Michael Moore's Grapes of Wrath

With the glimmering hope of the Obama campaign behind us, Moore's film is a wake-up call to renew and expand America's democratic promise.
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Michael Moore has made the most important and urgent political film of our time. In fact, he might have made the most American of films since the populist cinema of Frank Capra.

I hope that Capitalism: A Love Story gets the proper national hearing and deep respect it so well deserves at this time in our history.

Moore provides us a much needed alternative narrative to the new Gilded Age fantasies first launched on TV screens during the rule of Reagan, unchallenged or even seconded in the Clinton years, and taken to extremis by the Cheney/Bush crowd.

This film is a logical capstone to a twenty year documentary journey surveying the carcasses left behind by bootstrap capitalist ideology and cold-hearted greed, all greased by Washington's collusion. Moore's long march has taken us from the GM ghost town of Flint to the ultimate corporate crime scene pulled off by Wall Street during the Great Heist of the past year.

A film should be judged, in part, like an Olympics gymnastic performance based on degree of difficulty. A perfect 10 is earned here for deflating the decades-long cultural celebration of and blind worship to the victors of Casino Capitalism. Pulling this off in a documentary form by using subversive humor, great music, moving personal storytelling, impressive journalistic expose and grand analysis is truly no easy feat.

Admittedly, Mr. Moore can overshoot his target and gild the lily of documentary correctness. This film takes wholesale aim at the house of capitalism by displaying the most venal and outrageous practices of the ill-begotten bottom line. He does conflate heart-breaking home foreclosures and shocking local corruption (like a for-profit juvenile detention center in Pennsylvania that enriches its sleazy owners and a local judge) to condemn capitalism in toto.

But how refreshing it is to have a film that bravely forces us to think about why our economic and political system has gone so far off the tracks, and to confront the faces of those who are its severest victims. Working class and poor folks are invisible and verboten in the American media dream machine. However, Moore's cameras capture both the tragedy of stolen dignity and the possibility of hope in small victories enabled by, yes, good old fashioned community and labor organizing.

Capitalism captures the rising tide of anger across the political spectrum of citizens who increasingly understand that our children's future is being sold by purchased politicians and the wise guys who have made off with massive public loot.

But which populism shall we choose? The pitchfork crowd of teabaggers and birthers manipulated and misdirected by the Right and corporate lobbyists, and embodied by Joe the Plumber and Glenn Beck? Or shall we respond to Moore's progressive populist call for deep-seated democratic reform to take back our economy and politics?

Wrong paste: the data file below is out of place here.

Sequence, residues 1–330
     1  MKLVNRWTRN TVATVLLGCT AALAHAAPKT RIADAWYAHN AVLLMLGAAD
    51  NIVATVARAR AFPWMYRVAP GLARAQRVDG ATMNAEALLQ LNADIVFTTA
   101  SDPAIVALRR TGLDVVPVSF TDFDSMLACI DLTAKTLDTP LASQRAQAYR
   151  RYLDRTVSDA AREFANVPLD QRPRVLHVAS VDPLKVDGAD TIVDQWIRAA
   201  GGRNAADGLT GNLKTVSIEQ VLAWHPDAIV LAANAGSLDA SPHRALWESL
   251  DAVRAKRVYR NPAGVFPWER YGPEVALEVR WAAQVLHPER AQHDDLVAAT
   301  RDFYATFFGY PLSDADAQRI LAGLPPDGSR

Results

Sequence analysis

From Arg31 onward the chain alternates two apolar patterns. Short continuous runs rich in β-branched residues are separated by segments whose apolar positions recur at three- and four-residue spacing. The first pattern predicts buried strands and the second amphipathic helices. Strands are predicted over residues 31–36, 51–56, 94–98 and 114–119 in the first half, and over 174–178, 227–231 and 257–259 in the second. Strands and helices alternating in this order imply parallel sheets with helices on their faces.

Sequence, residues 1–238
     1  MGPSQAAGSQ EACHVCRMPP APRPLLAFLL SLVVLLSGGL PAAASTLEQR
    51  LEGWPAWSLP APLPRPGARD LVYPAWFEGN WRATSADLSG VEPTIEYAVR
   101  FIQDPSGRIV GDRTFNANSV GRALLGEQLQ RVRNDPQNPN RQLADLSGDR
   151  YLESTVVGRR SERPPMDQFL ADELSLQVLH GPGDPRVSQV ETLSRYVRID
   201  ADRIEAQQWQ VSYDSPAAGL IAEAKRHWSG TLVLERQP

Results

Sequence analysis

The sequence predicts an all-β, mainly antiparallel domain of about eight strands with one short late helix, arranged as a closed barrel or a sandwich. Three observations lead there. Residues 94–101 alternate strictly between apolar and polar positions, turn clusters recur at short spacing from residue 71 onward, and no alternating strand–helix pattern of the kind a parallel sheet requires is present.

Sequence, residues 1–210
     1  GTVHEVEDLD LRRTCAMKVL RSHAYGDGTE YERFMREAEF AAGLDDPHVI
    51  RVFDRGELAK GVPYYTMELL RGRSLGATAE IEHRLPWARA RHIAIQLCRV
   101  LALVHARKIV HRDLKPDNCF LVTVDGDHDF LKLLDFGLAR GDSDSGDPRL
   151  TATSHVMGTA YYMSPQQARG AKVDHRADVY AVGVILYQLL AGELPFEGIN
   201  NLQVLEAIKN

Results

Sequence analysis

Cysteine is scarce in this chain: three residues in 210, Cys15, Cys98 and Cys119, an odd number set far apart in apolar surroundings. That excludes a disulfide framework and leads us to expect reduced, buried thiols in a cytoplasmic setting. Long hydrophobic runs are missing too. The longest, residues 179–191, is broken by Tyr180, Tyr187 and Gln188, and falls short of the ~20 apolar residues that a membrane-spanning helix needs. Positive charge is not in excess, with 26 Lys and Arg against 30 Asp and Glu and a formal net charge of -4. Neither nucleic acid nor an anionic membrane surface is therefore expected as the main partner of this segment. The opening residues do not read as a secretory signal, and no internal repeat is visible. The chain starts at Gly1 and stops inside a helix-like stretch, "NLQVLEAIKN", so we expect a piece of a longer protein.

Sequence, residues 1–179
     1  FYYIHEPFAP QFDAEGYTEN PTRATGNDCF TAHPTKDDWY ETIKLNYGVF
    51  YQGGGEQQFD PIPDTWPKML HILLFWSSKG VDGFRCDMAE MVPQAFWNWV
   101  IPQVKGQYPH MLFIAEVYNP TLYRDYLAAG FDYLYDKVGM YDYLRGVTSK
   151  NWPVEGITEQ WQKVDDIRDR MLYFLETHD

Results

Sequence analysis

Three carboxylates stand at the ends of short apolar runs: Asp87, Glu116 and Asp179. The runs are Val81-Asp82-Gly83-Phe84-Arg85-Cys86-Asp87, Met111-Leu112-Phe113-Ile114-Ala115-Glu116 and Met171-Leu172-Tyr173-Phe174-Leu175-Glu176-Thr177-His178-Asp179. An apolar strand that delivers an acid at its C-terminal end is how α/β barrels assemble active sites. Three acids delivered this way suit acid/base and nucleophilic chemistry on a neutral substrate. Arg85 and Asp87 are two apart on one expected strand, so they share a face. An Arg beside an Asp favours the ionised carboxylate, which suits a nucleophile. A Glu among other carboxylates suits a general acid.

Those choosing the latter are well-guided by the film's rare footage of Franklin Roosevelt calling for a Second Bill of Rights in 1944. Sixty-five years later we are waiting for this unfinished New Deal, and today witness the heavily-financed resistance to achieve even one of those basic rights, universal healthcare.

With the glimmering hope of the Obama campaign behind us, Moore's film is a wake-up call to renew and expand America's democratic promise. Will we create the America of the next Roosevelt, or revert to the country of Reagan? Can we win the cultural battle of the American soul by empowering citizens to care for the public good rather than buy into the dog eat dog dream of grabbing the big brass ring at any cost?

Viewers walking out of the movie theater might ask other basic civic questions: Where is the missing cop on the beat to arrest the golden parachute criminals of our day? Where are the regulators and media watchdogs that should have long-ago exposed the "dead peasants" insurance policies secretly taken out by the blue chip companies to cash in on their own low-level deceased workers? Why do we leave it to Michael Moore to ring Wall Street in yellow crime tape and back up a brinks truck to retrieve our stolen public treasure at the modern Temples of Mammon?

Watching the kaleidoscope of greed and swindle, one can understand Mr. Moore's parting words at the end of the film when he urges all of us sitting in the dark theaters to get off our bottoms and take a stand, and fast.

Recognizing how little has changed over the past year since the Great Heist (and reading about Wall Street's latest and dangerous money-making schemes), one can slump further back in the seat and watch a documentary Don Quixote fighting a seemingly lost cause. It is indeed dispiriting to see scenes of Obama's election night and realize that the Goldman Sachs boys are still in control of the really big dollars moving behind the scenes.

Nevertheless, it is heartening to see unsung and principled public heroes speaking out for the common good, like the fiery Ohio Congresswoman Marcy Kaptur, or Elizabeth Warren, the congressionally-appointed watchdog of the $700 billion government bailout, as well as religious leaders like Detroit Bishop Thomas Gumbleton. These are the prophetic voices people need to hear and guide us to action in these times.

In the end, we should all be grateful to have a bold civic filmmaker help us make meaning and hopefully take action in this age of high crimes and naked greed, something which our public servants and chattering media class has long failed to do.

So take your friends to see Michael Moore's film this week. Help send the message that the living and breathing peasants -- the real American majority -- are hungry for this kind of reality truth-telling.